Author: edwina-sutton

Finding The Rainbow

‘It happens to everyone.’ ‘Its how you handle it that makes the difference.’ Yeah yeah, I know all this I spout this all the time (well not all the time, but we have to face the fact that injury is the major downside to being an athlete, especially a long distance runner.) But I want to run, I NEED to run, I can hear myself whining, I can see my sulky face, my grumpiness and I cant stop myself.

So after my last race in July I had a bit of a sore foot, after I  fell during the race I did something funny to my foot, but carried on running. After the race and feeling brutally disappointed in my performance I wanted to get back to training straight away and enter every race I could find (classic behaviour). I did build back slowly into running, but the foot niggle was there, it was getting bad, but I carried on running. But it got to the point where I couldnt walk on it in the morning and after my last long mountain run it was so sore I couldnt walk barefoot. That is very sensible behaviour Eddie. But, you see, if you read this, you are proabably one too or understand these behaviours. I am a total addict. I live to run. I live to be outside. Just me. I need this in my life or I actually cant cope. Life is too tough, too consuming, too loud for me to be in it all day. I need time.

So I was warned in no polite words to stop running or I risked this becoming a long term injury. I was gutted. I was actually feeling really good in training and excited to be having a crack at 100 miles in October. But that wasnt to be.  Thats ok I told myself, few days off and Ill be back. For the first few days I actually loved not running, I was able to savour mornings in my pjs, drinking tea. But, of courses, after a few days I got grumpy, real grumpy.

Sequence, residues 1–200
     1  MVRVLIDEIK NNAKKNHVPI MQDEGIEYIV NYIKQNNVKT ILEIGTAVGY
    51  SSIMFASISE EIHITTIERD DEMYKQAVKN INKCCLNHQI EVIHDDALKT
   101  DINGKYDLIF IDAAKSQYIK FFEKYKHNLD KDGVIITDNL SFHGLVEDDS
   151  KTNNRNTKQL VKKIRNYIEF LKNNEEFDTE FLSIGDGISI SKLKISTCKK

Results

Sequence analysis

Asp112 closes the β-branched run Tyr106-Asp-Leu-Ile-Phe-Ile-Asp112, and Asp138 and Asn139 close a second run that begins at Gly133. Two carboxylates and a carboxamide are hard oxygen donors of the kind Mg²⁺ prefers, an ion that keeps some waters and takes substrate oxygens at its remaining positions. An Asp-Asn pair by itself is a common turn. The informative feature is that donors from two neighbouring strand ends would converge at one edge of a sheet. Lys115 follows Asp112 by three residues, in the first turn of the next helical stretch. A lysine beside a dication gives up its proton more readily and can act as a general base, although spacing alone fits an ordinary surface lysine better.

The problem with being a running addict is when its taken away from you there is a huge hole in your life. My whole life revolves around running, my work, my friends, my family, even the dog is so used to running hours and hours every day she has gone spare pacing around the house after me with that – why aren’t we going outside face?!

Ive been here before. I know what to do, I need to hit the strength, to sit on the bike, to go swimming, but this time I feel truely bereft at the loss of my running time. I have had some serious chats to myself, I feel myself slipping into a depression which is so unlike me. I can nearly always find the sunshine in everyday. But this time its been tough. I took my running for granted, I was too greedy and now Im paying for it.

With Coach Jayson I have written and rewritten strength work and swam like I have not done in 6 years. I have not felt that motivated to train, so I have just ridden with that. Trying to listen to my body rather than fight it back into fitness. So many people I see cross train like mad things when injured and I do think you need to give your body some down time to let the inflammation die down and energy to heal without trying to desperately hold onto fitness.


I’ve tried to flow through the last few weeks. In weepy moments I’ve tried to maintain perspective, but also to let myself feel low. I think its important to allow yourself to feel a bit blue and not fight an injury, but allow a bit of wallowing, then when its time take a deep breath and dive back into life. Putting on a brave face outside the house is important to me and the kids. Their life goes on, as does my clients, so though inside a little bit of me is really sad, I must carry on. This is all good training I tell myself, when the going gets tough, cope with the adversity and keep moving on. Time is a great healer.

Finding the motivation to go the gym or pool has been tough at times, but Ive persisted as I know I would only regret that hugely once I can run again. I am a big believer in ‘movement’ helping the healing process as well of course as the release of those essential endorphins which I know will lift my mood.

The rainbow over the mountain has been missing for a few weeks for me. But I can feel the happiness creeping back in. An easy jog this morning with a great friend, relatively pain free, an offer of a mountain bike from other friends, a great performance by a client who himself has fought back from injury, little pockets of sunshine, light on the horizon. The whisper of winter over the mountains. The excitement of snow. Life holds so much joy here. The path I have followed this year, hasnt been the one I planned. But then when is it? Its still my path and Im proud of it.